Will samsara be emptied?

No holds barred discussion on the Buddhadharma. Argue about rebirth, karma, commentarial interpretations etc. Be nice to each other.

Re: Will samsara be emptied?

Postby ground » Tue Feb 15, 2011 8:48 pm

sukhamanveti wrote:We might be seeing things from within different lineages (or so I suspect), so rather than enter an endless and pointless debate with you, I would like to present you with an alternative perspective for what it's worth, which is also an authentic Mahayana perspective.


No these have been my thoughts. I do not follow a specific lineage, but I am very familiar with the view and lineage you are referring to.

I am neither interested in debate, because what is faith and/or belief does not qualify for debate.

I think all that needs to be said about Mahayana can be summarized with the words of Atisha: "Renounce the world and cultivate bodhicitta."

The philosophical views you are referring to are not necessarily required for that although your tradition wants it to be so.


Kind regards
User avatar
ground
 
Posts: 1782
Joined: Mon Nov 23, 2009 8:31 am

Re: Will samsara be emptied?

Postby sukhamanveti » Tue Feb 15, 2011 9:20 pm

TMingyur wrote:
sukhamanveti wrote:We might be seeing things from within different lineages (or so I suspect), so rather than enter an endless and pointless debate with you, I would like to present you with an alternative perspective for what it's worth, which is also an authentic Mahayana perspective.


No these have been my thoughts. I do not follow a specific lineage, but I am very familiar with the view and lineage you are referring to.

I am neither interested in debate, because what is faith and/or belief does not qualify for debate.

I think all that needs to be said about Mahayana can be summarized with the words of Atisha: "Renounce the world and cultivate bodhicitta."

The philosophical views you are referring to are not necessarily required for that although your tradition wants it to be so.


Kind regards



I think that the views of the Geluk lineage are necessary for Gelukpas. I did not mean to imply that everyone should be a Gelukpa. If I came across that way, then I apologize. My basic attitude toward the various traditions is influenced by the Ri-me teaching of Jamgon Kongtrul the Great: if you understand the intention behind a viewpoint within another lineage, there is no conflict between that and a different viewpoint within your own lineage. Each viewpoint has a purpose and works within its respective lineage. Jamgon Kongtrul was able to assume very different perspectives within different practice contexts without a problem, because he saw the intentions behind them (and because he was a spiritual genius). Ringu Tulku explains this in the wonderful book The Ri-me Philosophy of Jamgon Kongtrul the Great. (BTW some think that Ri-me is about trying to master everything and not going far within any particular tradition. This is not so. "Followers of the Ri-me approach almost always follow one lineage for their main practice.")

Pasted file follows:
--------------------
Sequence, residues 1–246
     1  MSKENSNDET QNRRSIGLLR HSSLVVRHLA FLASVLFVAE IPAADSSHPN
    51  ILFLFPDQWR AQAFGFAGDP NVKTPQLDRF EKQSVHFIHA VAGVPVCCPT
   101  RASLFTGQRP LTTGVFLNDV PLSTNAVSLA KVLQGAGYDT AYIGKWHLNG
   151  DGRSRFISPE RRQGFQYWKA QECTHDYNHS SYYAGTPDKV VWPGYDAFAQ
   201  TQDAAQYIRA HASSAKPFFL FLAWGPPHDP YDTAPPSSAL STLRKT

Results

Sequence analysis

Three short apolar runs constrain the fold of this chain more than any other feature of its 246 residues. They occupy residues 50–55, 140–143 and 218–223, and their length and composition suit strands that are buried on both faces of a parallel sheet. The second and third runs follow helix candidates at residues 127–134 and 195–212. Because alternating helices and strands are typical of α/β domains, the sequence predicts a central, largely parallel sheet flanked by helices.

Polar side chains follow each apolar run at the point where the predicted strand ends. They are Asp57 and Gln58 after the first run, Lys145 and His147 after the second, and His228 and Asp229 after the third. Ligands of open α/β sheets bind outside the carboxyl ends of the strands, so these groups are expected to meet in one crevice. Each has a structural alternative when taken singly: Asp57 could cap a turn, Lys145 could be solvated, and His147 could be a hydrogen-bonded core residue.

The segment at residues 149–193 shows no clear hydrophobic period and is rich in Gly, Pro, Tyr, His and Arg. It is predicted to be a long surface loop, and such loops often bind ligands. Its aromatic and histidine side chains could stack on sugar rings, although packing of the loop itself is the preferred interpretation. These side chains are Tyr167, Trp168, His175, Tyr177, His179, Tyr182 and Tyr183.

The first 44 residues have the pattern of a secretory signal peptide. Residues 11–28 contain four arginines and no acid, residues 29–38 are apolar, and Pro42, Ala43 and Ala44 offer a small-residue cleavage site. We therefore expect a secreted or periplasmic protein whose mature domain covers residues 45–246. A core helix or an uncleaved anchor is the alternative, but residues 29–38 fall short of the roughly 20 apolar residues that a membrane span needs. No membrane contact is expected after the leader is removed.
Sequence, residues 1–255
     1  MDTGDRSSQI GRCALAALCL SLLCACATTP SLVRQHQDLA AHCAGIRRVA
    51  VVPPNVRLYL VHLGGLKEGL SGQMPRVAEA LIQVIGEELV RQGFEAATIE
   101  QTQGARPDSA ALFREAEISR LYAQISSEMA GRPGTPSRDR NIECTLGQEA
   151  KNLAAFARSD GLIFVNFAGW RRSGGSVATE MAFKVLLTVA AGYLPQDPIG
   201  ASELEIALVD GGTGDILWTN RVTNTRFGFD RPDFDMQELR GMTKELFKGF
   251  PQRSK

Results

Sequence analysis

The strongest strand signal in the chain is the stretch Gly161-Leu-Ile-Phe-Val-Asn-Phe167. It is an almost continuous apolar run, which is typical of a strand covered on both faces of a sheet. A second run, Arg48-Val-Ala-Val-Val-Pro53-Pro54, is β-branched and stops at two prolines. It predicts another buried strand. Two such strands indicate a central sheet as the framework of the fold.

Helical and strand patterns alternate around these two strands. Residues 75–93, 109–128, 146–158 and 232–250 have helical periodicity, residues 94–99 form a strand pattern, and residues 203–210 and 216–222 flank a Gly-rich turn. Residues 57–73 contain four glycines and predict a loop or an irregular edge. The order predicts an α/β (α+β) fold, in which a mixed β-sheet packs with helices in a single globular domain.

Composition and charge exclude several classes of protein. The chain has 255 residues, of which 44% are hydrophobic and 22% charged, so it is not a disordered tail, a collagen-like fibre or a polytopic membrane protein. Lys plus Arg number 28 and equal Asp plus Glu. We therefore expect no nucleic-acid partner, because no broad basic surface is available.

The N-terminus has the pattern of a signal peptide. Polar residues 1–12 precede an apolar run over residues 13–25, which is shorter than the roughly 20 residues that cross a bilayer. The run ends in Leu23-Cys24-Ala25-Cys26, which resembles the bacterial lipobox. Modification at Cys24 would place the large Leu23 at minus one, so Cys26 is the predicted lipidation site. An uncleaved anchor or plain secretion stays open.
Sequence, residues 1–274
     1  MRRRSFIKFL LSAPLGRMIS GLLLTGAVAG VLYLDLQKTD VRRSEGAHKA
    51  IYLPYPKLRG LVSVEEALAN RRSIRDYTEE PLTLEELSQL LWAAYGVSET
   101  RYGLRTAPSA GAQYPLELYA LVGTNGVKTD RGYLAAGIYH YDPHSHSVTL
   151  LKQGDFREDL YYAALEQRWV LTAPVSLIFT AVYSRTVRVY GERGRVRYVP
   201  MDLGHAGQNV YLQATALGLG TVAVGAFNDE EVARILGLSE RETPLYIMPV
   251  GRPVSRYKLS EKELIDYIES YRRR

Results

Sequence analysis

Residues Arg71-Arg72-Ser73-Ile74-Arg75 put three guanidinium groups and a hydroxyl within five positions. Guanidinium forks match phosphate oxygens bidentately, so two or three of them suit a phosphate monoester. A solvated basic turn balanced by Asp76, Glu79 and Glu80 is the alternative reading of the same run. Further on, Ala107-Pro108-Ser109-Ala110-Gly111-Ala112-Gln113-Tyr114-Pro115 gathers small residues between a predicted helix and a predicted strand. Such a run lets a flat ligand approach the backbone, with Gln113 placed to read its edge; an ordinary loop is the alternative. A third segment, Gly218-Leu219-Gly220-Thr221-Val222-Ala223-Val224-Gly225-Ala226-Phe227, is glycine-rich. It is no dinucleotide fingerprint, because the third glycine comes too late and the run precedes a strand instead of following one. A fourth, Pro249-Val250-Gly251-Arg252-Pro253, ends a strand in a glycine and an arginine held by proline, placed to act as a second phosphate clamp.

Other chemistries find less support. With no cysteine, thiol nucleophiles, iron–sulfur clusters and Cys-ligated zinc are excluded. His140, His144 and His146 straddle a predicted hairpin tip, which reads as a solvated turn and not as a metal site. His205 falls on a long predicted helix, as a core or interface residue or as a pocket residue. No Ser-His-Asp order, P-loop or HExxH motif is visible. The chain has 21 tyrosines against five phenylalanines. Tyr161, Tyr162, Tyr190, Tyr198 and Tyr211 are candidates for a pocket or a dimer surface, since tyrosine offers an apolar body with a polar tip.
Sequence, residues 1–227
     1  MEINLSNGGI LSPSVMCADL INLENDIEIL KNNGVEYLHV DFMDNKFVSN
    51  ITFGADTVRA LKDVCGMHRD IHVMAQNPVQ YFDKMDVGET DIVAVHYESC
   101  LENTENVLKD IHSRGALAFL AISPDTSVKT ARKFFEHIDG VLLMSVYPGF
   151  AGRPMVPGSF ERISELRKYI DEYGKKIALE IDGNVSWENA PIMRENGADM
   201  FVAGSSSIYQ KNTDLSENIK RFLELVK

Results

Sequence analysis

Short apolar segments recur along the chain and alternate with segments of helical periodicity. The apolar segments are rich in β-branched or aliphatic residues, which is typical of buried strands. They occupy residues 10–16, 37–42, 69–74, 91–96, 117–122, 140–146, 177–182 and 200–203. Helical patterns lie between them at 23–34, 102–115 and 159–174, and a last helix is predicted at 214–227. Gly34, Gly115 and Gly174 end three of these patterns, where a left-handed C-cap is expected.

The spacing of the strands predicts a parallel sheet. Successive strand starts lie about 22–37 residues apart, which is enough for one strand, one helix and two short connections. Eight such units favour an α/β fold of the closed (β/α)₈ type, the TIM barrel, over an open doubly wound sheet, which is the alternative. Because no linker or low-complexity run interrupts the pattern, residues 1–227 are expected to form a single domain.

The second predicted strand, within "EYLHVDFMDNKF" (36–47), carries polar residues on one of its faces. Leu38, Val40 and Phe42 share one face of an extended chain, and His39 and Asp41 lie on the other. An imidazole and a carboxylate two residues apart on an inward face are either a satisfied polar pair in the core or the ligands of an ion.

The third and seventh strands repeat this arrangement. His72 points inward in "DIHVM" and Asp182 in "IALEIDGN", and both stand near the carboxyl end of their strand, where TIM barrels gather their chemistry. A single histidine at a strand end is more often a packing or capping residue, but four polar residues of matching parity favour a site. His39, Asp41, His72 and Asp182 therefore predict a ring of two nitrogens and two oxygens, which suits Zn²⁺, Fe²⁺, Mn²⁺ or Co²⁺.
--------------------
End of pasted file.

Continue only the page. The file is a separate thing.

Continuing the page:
If your perspective helps you within the context of your practice, then I think that is great.
namo bhagavate śākyamunaye tathāgatāyārhate samyaksaṁbuddhāya | namaḥ sarvabuddhabodhisattvebhyaḥ ||

"Bodhisattva-mahāsattvas love all beings in the world equally, as if each were their only child..." Buddhāvataṃsakamahāvaipulya Sūtra
User avatar
sukhamanveti
 
Posts: 106
Joined: Fri May 21, 2010 5:50 pm
Location: U.S.A.

Re: Will samsara be emptied?

Postby ground » Wed Feb 16, 2011 4:47 am

sukhamanveti wrote:I think that the views of the Geluk lineage are necessary for Gelukpas.

Yes if one feels the need for this identification and if it helps within the context of one's practice, then this is acceptable. I would not call it "great" since I do not think that attachment is "great".

sukhamanveti wrote:My basic attitude toward the various traditions is influenced by the Ri-me teaching of Jamgon Kongtrul the Great: if you understand the intention behind a viewpoint within another lineage, there is no conflict between that and a different viewpoint within your own lineage. Each viewpoint has a purpose and works within its respective lineage.

This is fine if it is so. However over the years I have excperienced that attachment to views is the main effect of all tibetan philosophical teachings. From that sectarianism often arises and a lack of respect for those who do not hold the same view. It is not rare that even lineage holders of other sects are ridiculed based on misconstrueing their view etc etc.